Book recommendations for business leaders: 10/3/19

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Stephen King says that if you want to be a writer, there are two things you must do: read a lot and write a lot. This is about the “read a lot” part. I include reading lists and book reviews that will help you do business more effectively and write better for business.

In this post, I point you to reviews of Reboot: Leadership and the Art of Growing Up, How to Win in a Winner-Take-All World: The Definitive Guide to Adapting and Succeeding in High-Performance Careers, Gettin’ (un)Busy: 5 Steps to Kill Busyness and Live with Purpose, Productivity, and Peace, A More Beautiful Question: The Power of Inquiry to Spark Breakthrough Ideas, and That Will Never Work: The Birth of Netflix and the Amazing Life of an Idea. Plus leadership book recommendations from Suzi McAlpine.

From Wharton: How Radical Self-Inquiry Can Create a Thriving Workplace

“Executive coach Jerry Colonna wants managers to stop focusing on output and achievement. Instead, he wants them to engage in radical self-inquiry, which builds the maturity required for leaders to lift up others, not just themselves. It’s part of what sees as a bigger rebooting — a process he went through himself. The former venture capitalist fought through depression and suicidal feelings to lead a more fulfilling life, both professionally and personally.”

From the NY Times: The Mystery of the Miserable Employees: How to Win in the Winner-Take-All Economy

“This article is adapted from the book How to Win in a Winner-Take-All World.”

From Skip Prichard: 5 Steps to Getting (un)Busy

“In the new book Gettin’ (un)Busy: 5 Steps to Kill Busyness and Live with Purpose, Productivity, and Peace, Garland Vance uncovers the lies that keep us trapped in overcommitted lives and how we can stress less, accomplish more, and start enjoying our lives.”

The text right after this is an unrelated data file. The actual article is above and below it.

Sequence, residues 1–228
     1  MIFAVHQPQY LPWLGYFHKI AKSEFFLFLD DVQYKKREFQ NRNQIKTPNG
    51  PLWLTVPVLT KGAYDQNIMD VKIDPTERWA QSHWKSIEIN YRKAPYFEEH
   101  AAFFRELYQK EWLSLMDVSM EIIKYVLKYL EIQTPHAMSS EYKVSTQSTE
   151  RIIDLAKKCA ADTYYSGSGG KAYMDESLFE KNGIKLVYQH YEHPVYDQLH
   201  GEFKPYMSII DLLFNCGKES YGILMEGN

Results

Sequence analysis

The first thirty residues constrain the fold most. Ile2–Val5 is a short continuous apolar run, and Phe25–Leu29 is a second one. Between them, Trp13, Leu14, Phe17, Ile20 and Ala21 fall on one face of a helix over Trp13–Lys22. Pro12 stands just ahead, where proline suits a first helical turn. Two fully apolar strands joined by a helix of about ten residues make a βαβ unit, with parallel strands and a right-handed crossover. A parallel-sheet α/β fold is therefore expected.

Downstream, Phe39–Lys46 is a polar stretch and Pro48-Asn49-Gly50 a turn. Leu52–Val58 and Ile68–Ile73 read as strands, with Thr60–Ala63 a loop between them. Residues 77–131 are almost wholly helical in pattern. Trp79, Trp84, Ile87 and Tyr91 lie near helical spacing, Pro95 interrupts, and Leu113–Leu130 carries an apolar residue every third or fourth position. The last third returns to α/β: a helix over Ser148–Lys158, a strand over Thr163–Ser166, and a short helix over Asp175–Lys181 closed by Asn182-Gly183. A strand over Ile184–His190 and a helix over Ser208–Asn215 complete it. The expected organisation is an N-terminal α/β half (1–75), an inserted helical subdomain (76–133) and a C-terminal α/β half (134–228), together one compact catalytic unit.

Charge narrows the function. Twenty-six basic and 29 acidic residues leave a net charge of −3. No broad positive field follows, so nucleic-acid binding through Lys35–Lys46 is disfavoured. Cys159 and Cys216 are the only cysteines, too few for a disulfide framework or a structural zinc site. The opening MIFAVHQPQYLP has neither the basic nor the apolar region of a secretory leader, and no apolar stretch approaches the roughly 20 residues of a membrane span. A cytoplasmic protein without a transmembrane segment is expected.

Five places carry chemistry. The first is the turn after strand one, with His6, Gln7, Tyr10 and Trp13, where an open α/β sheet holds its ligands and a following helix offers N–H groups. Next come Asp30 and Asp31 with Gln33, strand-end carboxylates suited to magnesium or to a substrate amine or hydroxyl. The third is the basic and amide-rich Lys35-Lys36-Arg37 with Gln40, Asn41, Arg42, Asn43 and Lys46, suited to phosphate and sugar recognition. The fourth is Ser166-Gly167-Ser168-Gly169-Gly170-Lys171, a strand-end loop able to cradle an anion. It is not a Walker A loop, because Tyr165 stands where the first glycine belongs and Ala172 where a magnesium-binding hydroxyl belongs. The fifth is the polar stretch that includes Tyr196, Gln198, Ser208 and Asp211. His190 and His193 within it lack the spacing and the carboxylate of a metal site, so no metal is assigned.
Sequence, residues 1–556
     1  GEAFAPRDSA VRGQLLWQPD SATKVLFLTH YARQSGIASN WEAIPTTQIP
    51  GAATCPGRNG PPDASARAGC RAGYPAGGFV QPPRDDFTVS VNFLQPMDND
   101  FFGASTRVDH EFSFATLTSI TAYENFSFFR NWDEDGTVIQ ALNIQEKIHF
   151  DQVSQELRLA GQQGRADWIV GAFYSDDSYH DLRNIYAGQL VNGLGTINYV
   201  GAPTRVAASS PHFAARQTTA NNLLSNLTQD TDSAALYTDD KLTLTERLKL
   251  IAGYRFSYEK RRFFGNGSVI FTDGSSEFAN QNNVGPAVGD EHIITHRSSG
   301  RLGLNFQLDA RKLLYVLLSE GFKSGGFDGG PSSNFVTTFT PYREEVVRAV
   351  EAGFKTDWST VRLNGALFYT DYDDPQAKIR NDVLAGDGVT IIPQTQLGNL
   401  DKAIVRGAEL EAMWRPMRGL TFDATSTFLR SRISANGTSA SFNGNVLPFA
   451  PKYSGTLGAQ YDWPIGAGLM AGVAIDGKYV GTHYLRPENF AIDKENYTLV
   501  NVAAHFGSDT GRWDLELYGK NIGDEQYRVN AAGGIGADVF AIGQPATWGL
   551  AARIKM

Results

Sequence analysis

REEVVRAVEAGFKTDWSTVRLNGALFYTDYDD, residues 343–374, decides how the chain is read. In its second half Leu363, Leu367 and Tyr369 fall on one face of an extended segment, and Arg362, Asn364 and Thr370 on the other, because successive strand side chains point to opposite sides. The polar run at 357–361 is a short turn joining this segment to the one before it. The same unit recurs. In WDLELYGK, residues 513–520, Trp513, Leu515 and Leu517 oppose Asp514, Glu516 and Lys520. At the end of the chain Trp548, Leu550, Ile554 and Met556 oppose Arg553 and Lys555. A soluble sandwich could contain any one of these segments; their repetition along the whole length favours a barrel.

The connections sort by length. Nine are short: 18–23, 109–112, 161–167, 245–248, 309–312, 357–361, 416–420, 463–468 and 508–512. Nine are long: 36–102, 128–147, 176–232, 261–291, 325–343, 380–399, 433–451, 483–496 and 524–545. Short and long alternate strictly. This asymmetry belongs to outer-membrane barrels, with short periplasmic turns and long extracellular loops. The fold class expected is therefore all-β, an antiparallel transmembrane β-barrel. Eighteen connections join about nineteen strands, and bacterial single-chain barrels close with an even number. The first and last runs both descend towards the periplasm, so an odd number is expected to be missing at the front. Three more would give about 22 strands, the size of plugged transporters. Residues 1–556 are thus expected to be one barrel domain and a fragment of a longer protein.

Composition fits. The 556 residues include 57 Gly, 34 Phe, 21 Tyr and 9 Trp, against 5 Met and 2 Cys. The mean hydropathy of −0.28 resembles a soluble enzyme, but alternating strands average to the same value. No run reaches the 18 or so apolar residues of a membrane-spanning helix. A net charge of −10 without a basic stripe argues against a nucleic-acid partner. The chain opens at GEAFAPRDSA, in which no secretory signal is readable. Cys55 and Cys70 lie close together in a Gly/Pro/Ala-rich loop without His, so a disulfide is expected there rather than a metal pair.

From Greg Satell: The Power Of A Question

“That’s when I first learned the power of a question. As Warren Berger explains in A More Beautiful Question, while answers tend to close a discussion, questions help us open new doors and can lead to genuine breakthroughs. Yet not all questions are equal. Asking good questions is a skill that takes practice and effort to learn to do well. Here’s where to start.”

From Michael McKinney: “That Will Never Work”

“The real story is longer. While it is messy, complicated, it is much more exciting. Marc Randolph shares it all in That Will Never Work: The Birth of Netflix and the Amazing Life of an Idea. I read a lot of business books, and I can say this is one of the best you’ll ever read on starting and growing a business—the emotions, the triumphs, the failures and the lessons learned. The story is a well-told page-turner.”

From Suzi McAlpine: Some of the best leadership books

“But if it’s non-fiction you’re after on your holiday, here are some of the best leadership related books I can recommend for you to buy or download on your kindle:”

Reading recommendations are a regular feature of this blog. Want more recommendations about what to read? Check out my Three Star Leadership blog, Michael McKinney’s LeadingBlog, and Skip Prichard’s Leadership Insights.

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